Provincial meetings in the first week of June! Just a couple of days before my birthday so I can make a real cake and celebrate with all of my new friends in Luapula province. Then IST (in-service training) in Lusaka beginning of August and then I can come back to Mwanachama and begin real work! My village is fantastic and I fall more in love with it and the people in it every day. So much to look forward to…

Hope everyone is enjoying some fabulous Spring weather and enjoy Memorial Day!


Thursday, May 6, 2010

50 Gazillion First Dates

Or perhaps it would be more accurate to say “a lifetime of first dates.” That’s the level of awkwardness that my world has reached; every moment is a unconfortable, self-concious, and wary as a first date.

But let me back up. I swore in as an offical Peace Corps Volunteer almost two weeks ago now. Hard to believe, really. Time has taken on a different quality here, like being trapped in a giant jar of honey. It really is a totally different world. Life in America feels like a different world, a different time, a past dream that I woke up from just last week. I’ll try to refrain from being too existential, but being in the village gives one ample time to ponder these sorts of things. Anyway, I have moved to my new home in the village of Mwanachama by the Chofoshi stream. It’s idyllic. I was welcomed to Africa on my first nights alone by a swarm of impashi (fire ants, the ones that can kill babies in the night) all over my hut. Chaos reigned at midnight as I watched my floor crawl with insects and realize that I would have to burn my hut down to be able to sleep in it. So, knowing not a single soul, literally, I run to the nearest hut I can find and bang on the door, in mildly hysteric and broken Bemba explain that my house is overrun with impashi. Welcome to Africa, Ashley. I spent my first night on a stranger’s cement floor, sans mosquito net, with a single blanket and pillow. Never a dull moment, I suppose.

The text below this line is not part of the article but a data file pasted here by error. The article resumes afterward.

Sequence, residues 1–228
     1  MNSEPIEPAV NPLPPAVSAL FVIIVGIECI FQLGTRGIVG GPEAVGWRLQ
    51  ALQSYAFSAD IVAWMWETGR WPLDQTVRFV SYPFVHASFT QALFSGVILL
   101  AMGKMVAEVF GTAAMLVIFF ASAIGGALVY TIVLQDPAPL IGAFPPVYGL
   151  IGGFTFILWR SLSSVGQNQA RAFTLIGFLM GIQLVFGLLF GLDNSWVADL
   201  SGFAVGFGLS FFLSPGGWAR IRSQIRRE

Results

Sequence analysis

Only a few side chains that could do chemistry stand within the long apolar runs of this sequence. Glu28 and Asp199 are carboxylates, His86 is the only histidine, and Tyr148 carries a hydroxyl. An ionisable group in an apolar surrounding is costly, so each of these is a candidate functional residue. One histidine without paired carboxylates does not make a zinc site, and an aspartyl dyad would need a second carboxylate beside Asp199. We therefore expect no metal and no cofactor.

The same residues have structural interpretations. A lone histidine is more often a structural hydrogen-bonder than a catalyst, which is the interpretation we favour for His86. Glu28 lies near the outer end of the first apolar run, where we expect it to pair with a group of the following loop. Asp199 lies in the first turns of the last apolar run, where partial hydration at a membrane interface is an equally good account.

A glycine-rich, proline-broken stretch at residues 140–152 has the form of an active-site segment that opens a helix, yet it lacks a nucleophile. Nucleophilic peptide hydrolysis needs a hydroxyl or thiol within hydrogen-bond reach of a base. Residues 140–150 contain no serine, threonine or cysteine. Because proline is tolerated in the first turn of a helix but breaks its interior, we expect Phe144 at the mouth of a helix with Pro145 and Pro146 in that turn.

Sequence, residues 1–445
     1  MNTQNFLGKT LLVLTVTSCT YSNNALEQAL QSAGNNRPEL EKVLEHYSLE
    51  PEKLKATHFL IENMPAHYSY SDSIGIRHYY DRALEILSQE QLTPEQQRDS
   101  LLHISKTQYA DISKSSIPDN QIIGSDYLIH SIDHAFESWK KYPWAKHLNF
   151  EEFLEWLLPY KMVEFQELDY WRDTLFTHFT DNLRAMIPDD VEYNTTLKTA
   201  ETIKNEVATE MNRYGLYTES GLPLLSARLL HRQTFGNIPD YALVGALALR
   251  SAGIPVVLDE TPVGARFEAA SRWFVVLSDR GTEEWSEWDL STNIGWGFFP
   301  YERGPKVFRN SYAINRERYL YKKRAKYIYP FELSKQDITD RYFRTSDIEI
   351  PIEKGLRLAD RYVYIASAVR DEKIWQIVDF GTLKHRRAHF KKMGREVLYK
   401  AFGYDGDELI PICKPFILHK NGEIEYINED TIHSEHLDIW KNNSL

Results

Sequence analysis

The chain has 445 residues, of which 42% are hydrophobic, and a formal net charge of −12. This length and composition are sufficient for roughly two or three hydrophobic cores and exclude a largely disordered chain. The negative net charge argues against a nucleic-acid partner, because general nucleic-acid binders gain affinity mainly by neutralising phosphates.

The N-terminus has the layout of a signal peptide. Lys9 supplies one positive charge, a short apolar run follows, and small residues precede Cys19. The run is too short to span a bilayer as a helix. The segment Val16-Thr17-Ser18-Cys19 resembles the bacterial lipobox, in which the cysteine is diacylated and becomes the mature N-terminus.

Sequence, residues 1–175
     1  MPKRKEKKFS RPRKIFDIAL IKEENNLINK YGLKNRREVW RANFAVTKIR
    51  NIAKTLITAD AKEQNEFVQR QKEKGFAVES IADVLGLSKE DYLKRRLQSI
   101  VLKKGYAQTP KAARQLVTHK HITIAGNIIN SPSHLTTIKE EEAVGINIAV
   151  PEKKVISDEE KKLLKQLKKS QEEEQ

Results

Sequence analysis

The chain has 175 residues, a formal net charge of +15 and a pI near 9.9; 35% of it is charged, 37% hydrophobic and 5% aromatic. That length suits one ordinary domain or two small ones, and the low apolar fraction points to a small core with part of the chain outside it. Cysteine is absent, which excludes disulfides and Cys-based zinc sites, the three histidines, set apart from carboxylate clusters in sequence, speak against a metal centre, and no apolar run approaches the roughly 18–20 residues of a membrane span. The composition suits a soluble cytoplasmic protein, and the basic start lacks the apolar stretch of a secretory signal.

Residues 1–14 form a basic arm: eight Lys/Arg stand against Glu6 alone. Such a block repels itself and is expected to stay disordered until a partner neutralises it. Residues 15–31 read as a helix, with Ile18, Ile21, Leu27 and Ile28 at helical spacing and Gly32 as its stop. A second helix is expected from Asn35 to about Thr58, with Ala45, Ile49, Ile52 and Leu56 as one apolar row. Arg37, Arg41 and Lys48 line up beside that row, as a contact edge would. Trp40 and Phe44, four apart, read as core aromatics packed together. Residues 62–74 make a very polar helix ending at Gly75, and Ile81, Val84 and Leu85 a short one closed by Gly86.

Despite this ominous beginning, I have settled into village life nicely over the past week. Once you realize that you actually can survive alone, the going gets easier. I have already had a surprisingly productive meeting with all of the area’s headmen and women, and am looking forward to getting started working. We’re not supposed to work in community entry, which has led to me wandering around my village aimlessly, spouting “Muli shani?” at every stranger I meet. Hence, the awkward First Date Syndrome. Virtually no one speaks English, and my Bemba (despite my Intermmediate-Mid score on my LPI, which I am convinced is a mistake) is child-like at best. This leads to clumsy introductions and inquiries of health and destination, and, enouraged that I can make small talk, they go off in a flood of garbled syllables that could be Martian for all I know. I smile and nod. Conversely, someone will stutter out a phrase in English and I, hopeful at hearing my native (and only) tounge, ask another question like “Where is the nearest place I can buy tomatoes?” and recive a smile and an “Okaay.”So then we sit in silence together for any indeterminate length of time until the uncomfortable farewell. Language barrier, HA! More like a vast vaccum of liguistic confusion and misunderstanding.

But really, things are quite fantastic. I miss meat. And ice cream. And good beer. And people that I love, like I had anticipated. Overall, however, you would have to drag me kicking and screaming back to Americaland. :D The weather is nice, everyone in the village is harvesting and I’m reading a lot of books and meeting people. Fitting into village life quite nicely, I think. Always on display, but it’s something that you get used to eventually.

Hope all is well back home…

Xo ash